A few hours before a human chain was to surround the Paraguayan Congress on Thursday, Senator Víctor Bogado, accused of fraud and misuse of public funds, was stripped of his parliamentary immunity from prosecution.
Two and a half years ago, Ayako Oga, now 30, found herself helpless as an earthquake and the tsunami it triggered hit Japan and crippled four reactors at the Fukushima Daiichi nuclear plant. She and her husband were forced to abandon their village Ookuma Machi, barely five kilometres away.
Activists claim that more than one hundred people have been killed and thousands injured during demonstrations in Sudan following the removal of fuel subsidies.
The elderly have taken to the streets in Portugal to protest drastic public sector pension cuts announced this week by the government of conservative Prime Minister Pedro Passos Coelho.
As political divisions threaten to destabilise the national transition process in Tunisia, Prime Minister Ali Laarayedh has set deadlines for finalising the new constitution and holding elections. Not everyone is convinced these will be met.
For more than six weeks now, Bulgarians have been on the streets demanding an end to oligarchy and corruption.
The rise of the "global middle class" is widely attributed to the gradual eradication of extreme poverty in the developing world, even as the United Nations says that millions of people in countries such as India, China and Brazil have graduated from the ranks of the indigent.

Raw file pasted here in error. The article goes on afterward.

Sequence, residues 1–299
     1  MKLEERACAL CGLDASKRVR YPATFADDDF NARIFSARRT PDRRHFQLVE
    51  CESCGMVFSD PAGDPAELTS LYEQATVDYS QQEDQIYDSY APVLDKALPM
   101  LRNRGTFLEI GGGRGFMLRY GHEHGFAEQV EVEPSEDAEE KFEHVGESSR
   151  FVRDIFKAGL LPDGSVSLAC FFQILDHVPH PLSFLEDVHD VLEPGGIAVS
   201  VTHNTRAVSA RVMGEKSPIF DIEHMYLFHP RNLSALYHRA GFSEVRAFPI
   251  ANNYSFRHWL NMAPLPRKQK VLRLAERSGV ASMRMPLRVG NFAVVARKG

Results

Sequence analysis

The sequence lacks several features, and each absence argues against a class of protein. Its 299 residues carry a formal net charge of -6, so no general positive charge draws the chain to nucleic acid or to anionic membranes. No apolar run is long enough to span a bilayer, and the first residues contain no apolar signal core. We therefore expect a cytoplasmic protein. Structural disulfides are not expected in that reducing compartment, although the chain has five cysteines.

The young people who have been protesting in Brazil over the last few weeks, who say they are apolitical and who have organised over the social networking sites, were not entirely pleased with Thursday’s demonstrations by the country’s trade unions and social and popular movements.
The street marches in Brazil, initially non-party-political, have begun to take on the hues of leftwing political and social groupings, which are now trying to set the course of the movement that emerged from online social networks.
For the small town of Kafranbel in Syria, the old saying "a pen is mightier than a sword" still rings true. Every week in Kafranbel, protesters draw posters, write banners and demonstrate against the regime of Syrian President Bashar al-Assad.
The Brazilian national football team made a glorious comeback with its victory in the FIFA Confederations Cup, but the sport has lost its tight grip on society. While millions celebrated, the tournament was also another source of anger for the protesters that have filled the streets in the last few weeks.
After 10 years of social and economic gains thanks to successful employment and public investment policies and anti-poverty programmes, Brazil is facing the challenge of broadening and accelerating a model of development that includes, for instance, the young people protesting on the country’s streets.
Matheus Mendes Costa, a 21-year-old university student, spent 13 hours in a three-square-metre police station holding cell after he was arrested in this Brazilian city for allegedly assaulting police officers and destroying public property.
Economy professor Arcadi Oliveres has become a popular face of the growing discontent in Spain because he calls a spade a spade.
A group of young people touched a nerve in Brazil’s large cities, triggering an outpouring of urban outrage at the deterioration of transportation conditions and of the quality of life.